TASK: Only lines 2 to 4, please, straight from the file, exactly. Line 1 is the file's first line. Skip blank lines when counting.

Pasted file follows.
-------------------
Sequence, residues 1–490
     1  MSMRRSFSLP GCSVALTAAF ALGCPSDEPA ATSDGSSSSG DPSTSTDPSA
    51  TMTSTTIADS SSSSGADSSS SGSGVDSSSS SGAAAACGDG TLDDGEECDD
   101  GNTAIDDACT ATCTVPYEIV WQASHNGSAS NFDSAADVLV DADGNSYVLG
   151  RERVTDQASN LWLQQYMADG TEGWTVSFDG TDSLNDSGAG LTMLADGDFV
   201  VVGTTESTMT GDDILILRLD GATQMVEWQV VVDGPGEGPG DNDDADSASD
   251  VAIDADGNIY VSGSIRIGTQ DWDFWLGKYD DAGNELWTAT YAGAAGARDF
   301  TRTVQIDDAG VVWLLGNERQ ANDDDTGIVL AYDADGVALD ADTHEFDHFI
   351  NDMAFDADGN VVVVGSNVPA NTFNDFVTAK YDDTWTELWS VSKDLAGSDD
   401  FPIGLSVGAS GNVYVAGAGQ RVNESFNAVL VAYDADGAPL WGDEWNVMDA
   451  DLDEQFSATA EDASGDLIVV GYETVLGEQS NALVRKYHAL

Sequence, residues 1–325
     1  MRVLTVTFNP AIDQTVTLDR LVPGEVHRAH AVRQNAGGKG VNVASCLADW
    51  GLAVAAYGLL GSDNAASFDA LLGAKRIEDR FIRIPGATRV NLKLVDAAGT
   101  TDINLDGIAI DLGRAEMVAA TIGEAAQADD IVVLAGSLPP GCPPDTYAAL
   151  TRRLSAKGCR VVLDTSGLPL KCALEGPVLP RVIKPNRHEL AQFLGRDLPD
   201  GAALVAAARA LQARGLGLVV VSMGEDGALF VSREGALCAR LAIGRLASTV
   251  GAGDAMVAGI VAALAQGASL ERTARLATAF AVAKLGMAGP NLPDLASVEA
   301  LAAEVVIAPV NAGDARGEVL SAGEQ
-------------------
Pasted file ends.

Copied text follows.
     1  MSMRRSFSLP GCSVALTAAF ALGCPSDEPA ATSDGSSSSG DPSTSTDPSA
    51  TMTSTTIADS SSSSGADSSS SGSGVDSSSS SGAAAACGDG TLDDGEECDD
   101  GNTAIDDACT ATCTVPYEIV WQASHNGSAS NFDSAADVLV DADGNSYVLG